From Songfacts

This was The Beatles first single released in America, and getting it issued in the States was a struggle. The Beatles first recorded “Please Please Me” on September 11, 1962. That version was rejected for release. They re-recorded the song on November 26, 1962 and that version was first issued in England on the EMI-owned Parlophone label on January 12, 1963. After EMI’s US affiliate, Capitol Records, rejected the song (and a lot of other early Beatles material), the small, Chicago-based Vee Jay label stepped in and released “Please Please Me” stateside on February 25, 1963 and again on January 30, 1964 and August 10,1964. The only release that charted was the second, when The Beatles finally made a name for themselves in America.

John Lennon, who was a big Roy Orbison fan, wrote this in the style of Orbison’s overly dramatic singing. Beatles producer George Martin suggested it would sound better sped up. In 2006, Martin told The Observer Music Monthly, “The songs the Beatles first gave me were crap. This was 1962 and they played a dreadful version of ‘Please Please Me’ as a Roy Orbison-style ballad. But I signed them because they made me feel good to be with them, and if they could convey that on a stage then everyone in the audience would feel good, too. So I took ‘Love Me Do’ and added some harmonica, but it wasn’t financially rewarding even though Brian Epstein bought about 2,000 copies. Then we worked for ages on their new version of ‘Please Please Me,’ and I said: ‘Gentlemen, you’re going to have your first #1.'”

This was rumored to be about oral sex. The Beatles denied this, since they had a very clean image to maintain at the time. Lennon said of the song: “I was always intrigued by the double use of the word ‘please.'”

Although in the UK this was officially a #2 record, three of the four charts used at the time – Melody Maker, NME and Disc – listed it #1. Only the Record Retailer chart had it at #2.

The group’s name was misspelled “Beattles” on the record label on the first American release of the single.

Typical for the verse in “Please Please Me,” and for many of Lennon’s songs, are the long notes (legato) that are also used in hymns – even sounding a bit like Mendelssohn’s Wedding March in A Midsummer Night’s Dream. When Lennon was a little boy he used to go to church on Sunday. Afterwards he improvised his own counterpoints to the hymns.

The climbing in the melody “Come on, come on…” is similar to parts of two traditional folk songs: “New’s Evens Song” and “Come Fair One.” >>

In the UK, this was re-released in 1983 to coincide with the 20th anniversary of it’s initial release.

The Beatles performed this on their second Ed Sullivan Show appearance in 1964. Sullivan was not a fan of many rock groups, but loved The Beatles and had them on his show whenever he could.

This was the second Beatles single released in England, the first being “Love Me Do.”

An early version of this song with session drummer Andy White playing drums instead of Ringo can be found on Anthology 1.

The Please Please Me album was The Beatles debut long player. When they recorded it at Abbey Studios in London, John Lennon was struggling with a streaming cold and all were tired after a tour supporting Helen Shapiro. However with the help and encouragement of producer George Martin within nine hours and 45 minutes they had recorded their groundbreaking LP.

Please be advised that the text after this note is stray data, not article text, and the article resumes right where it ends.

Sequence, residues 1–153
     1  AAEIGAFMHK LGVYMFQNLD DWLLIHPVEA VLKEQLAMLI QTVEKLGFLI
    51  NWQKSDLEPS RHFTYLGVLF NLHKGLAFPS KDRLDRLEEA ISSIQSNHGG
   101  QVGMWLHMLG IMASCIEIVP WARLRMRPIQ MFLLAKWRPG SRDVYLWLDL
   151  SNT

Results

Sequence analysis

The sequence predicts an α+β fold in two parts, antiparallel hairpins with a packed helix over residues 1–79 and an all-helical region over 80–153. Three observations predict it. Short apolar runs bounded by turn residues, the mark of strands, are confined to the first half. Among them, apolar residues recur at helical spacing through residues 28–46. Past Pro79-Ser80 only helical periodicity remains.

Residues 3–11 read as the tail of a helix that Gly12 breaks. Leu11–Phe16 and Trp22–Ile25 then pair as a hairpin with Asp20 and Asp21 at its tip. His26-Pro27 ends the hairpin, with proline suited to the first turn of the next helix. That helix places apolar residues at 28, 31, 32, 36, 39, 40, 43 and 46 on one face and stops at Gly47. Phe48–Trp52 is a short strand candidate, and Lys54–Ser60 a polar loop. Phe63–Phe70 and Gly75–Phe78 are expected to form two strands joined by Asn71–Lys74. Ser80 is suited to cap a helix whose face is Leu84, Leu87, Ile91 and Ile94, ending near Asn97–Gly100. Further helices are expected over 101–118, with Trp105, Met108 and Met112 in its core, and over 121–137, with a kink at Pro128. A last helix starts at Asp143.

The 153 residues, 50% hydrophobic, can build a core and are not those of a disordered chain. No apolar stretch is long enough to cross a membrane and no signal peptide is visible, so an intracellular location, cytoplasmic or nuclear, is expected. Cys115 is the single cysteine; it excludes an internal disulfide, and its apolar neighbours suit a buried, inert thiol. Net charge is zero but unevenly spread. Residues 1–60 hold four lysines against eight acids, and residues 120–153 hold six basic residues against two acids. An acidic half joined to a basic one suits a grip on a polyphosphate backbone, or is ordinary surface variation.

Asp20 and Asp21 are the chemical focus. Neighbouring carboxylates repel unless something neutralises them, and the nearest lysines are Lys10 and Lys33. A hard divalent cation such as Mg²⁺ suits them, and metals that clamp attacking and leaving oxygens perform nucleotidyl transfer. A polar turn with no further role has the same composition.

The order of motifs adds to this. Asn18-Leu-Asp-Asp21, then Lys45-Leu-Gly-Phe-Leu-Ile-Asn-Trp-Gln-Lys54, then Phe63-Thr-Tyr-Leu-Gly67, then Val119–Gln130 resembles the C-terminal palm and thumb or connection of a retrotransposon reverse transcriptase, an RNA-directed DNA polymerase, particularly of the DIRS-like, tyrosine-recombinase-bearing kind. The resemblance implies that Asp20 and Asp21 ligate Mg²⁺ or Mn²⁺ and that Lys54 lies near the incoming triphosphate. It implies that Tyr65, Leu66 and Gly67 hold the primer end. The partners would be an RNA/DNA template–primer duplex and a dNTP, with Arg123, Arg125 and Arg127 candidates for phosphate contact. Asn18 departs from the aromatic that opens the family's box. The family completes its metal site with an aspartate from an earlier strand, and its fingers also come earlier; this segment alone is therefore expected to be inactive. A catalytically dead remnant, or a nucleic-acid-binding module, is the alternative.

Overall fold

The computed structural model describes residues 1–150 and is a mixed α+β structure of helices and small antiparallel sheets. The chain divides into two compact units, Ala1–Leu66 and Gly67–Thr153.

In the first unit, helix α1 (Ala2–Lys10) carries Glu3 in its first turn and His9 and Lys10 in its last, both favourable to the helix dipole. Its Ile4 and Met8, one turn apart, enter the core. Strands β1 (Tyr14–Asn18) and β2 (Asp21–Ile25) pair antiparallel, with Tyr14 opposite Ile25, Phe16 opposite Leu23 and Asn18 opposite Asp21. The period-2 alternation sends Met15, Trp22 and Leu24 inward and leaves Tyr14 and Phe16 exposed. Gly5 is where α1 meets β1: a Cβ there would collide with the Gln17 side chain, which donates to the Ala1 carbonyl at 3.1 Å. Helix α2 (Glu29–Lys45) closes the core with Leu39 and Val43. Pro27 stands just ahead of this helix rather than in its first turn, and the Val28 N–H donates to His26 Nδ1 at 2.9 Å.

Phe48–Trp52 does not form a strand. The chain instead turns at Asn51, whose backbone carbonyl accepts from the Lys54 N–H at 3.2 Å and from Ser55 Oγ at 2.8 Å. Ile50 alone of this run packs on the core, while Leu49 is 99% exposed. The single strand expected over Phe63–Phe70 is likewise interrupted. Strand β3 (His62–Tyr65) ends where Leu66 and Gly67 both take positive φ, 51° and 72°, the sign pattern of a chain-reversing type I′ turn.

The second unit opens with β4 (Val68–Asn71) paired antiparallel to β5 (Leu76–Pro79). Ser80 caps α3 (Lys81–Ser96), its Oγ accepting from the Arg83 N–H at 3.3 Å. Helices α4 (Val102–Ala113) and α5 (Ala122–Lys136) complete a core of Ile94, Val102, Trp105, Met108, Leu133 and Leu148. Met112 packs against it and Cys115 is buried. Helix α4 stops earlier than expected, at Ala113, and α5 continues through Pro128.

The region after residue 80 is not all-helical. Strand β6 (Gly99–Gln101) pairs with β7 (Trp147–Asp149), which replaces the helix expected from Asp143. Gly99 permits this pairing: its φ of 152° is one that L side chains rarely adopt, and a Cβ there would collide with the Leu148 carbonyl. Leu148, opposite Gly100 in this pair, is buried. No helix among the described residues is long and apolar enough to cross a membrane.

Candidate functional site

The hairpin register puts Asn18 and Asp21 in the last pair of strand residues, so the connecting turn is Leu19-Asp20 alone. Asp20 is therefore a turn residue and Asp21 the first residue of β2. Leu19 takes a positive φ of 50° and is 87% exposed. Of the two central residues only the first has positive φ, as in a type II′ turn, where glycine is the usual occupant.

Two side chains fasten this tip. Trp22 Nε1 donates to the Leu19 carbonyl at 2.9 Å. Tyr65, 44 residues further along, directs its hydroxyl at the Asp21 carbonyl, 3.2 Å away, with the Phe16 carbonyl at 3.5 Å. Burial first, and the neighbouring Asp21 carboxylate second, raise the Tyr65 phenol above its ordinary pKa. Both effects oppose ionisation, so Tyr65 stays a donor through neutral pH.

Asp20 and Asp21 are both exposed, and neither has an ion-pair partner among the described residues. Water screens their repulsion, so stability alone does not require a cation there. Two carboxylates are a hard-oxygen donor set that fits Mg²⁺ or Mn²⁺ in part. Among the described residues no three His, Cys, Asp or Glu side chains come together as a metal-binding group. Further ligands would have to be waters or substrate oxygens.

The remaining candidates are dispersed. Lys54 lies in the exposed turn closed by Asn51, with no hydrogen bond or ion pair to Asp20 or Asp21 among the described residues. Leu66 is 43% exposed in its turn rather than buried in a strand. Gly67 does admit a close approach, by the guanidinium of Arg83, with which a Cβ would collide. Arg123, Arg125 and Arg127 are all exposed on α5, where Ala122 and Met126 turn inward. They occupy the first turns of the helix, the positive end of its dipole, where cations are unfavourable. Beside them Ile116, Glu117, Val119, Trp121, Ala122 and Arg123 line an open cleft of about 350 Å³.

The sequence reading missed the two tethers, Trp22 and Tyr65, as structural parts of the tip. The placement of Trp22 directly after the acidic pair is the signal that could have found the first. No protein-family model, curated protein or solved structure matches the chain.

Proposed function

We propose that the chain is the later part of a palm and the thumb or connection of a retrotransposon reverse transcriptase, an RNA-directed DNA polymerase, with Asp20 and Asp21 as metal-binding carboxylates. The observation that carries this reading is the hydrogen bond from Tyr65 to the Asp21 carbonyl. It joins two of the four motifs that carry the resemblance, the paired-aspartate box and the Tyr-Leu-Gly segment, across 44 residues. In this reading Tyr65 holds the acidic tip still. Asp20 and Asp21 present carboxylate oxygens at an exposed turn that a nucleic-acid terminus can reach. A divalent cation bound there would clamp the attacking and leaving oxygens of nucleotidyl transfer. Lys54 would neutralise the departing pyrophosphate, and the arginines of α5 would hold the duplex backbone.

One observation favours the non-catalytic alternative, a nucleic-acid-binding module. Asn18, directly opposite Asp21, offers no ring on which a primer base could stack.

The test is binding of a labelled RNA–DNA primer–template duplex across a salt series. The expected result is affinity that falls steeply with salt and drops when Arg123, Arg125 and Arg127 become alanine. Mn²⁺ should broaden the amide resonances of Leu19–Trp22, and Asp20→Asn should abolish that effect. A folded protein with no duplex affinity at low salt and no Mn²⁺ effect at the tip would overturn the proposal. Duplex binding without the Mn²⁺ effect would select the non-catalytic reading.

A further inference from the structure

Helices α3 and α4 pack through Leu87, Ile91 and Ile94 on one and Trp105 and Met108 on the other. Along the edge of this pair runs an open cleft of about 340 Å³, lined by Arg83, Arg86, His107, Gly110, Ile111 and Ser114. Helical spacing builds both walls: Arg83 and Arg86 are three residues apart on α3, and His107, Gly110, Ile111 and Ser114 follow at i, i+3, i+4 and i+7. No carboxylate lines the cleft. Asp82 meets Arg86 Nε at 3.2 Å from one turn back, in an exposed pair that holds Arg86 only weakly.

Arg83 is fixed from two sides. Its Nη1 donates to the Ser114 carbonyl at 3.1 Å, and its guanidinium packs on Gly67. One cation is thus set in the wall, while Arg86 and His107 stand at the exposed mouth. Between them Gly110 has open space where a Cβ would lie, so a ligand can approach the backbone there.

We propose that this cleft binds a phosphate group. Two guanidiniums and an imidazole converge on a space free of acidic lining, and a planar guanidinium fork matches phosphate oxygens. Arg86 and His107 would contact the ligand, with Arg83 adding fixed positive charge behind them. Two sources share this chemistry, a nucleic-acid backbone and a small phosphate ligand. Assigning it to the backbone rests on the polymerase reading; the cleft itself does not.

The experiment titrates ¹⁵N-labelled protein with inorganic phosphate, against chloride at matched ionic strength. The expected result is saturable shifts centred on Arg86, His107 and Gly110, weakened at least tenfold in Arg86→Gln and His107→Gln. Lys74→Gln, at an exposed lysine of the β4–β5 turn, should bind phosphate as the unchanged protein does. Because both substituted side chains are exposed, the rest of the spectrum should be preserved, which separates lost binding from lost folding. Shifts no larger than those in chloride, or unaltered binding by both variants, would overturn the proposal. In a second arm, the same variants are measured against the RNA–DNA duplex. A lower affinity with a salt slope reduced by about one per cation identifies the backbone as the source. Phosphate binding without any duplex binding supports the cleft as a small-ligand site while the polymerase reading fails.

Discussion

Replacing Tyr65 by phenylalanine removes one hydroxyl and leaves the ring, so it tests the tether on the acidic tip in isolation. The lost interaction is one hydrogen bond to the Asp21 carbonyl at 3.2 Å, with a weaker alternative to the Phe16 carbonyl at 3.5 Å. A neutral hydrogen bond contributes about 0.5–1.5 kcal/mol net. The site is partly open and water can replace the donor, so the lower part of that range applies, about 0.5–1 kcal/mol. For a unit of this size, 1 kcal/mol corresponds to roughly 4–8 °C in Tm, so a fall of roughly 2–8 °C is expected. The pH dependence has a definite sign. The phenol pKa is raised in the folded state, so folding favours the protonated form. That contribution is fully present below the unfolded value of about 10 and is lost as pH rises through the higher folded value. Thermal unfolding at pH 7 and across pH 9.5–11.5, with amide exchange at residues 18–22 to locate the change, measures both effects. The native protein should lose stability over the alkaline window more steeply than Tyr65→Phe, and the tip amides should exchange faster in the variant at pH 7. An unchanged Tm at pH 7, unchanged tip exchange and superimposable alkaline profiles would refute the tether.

The album was released to cash in on the success of this single in the UK. It took them about 12 hours to record, and was basically a re-creation of their live show, which was mostly cover songs. The album was released with the text “Please Please Me with Love Me Do and 12 other songs.” >>

The Beatles performed this on Thank Your Lucky Stars on January 19, 1963. It was their first ever UK television appearance.

The British Prime Minister Gordon Brown revealed in an interview on the British TV program GMTV that this was the first record that he ever bought.

George Martin told Music Week magazine that the first time the Beatles played this to him, he wasn’t very impressed. He recalled: “I listened to it and I said: ‘Do you know that’s too bloody boring for words? It’s a dirge. At twice the speed it might sound reasonable.’ They took me at my word. I was joking and they came back and played it to me sped up and put a harmonica on it, and it became their first big hit.”

Lennon was a great fan of Bing Crosby and when in 1978, Yoko gave him a vintage ’50s Wurlitzer jukebox for his birthday he loaded the machine with as many 78-rpm records by the easy-listening vocalist as he could find.

This is Keith Richards’ favorite Beatles song. He told Jimmy Fallon: “I’ve always told McCartney, ‘Please Please Me.’ I just love the chimes, and I was there at the time and it was beautiful. Mind you, there’s plenty of others, but if I’ve got to pick one, ‘Please Please Me’… oh, yeah!”

Lennon-McCartney was the standard alphabetical credit for their Beatles songwriters compositions except on Please Please Me, where for reasons unknown, the names were reversed.

Please Please Me

Last night I said these words to my girl
I know you never even try, girl
Come on, come on, come on, come on
Please, please me, woah yeah, like I please you

You don’t need me to show the way, love
Why do I always have to say, love
Come on, come on, come on, come on
Please, please me, woah yeah, like I please you

I don’t want to sound complaining
But you know there’s always rain in my heart
I do all the pleasing with you,
It’s so hard to reason with you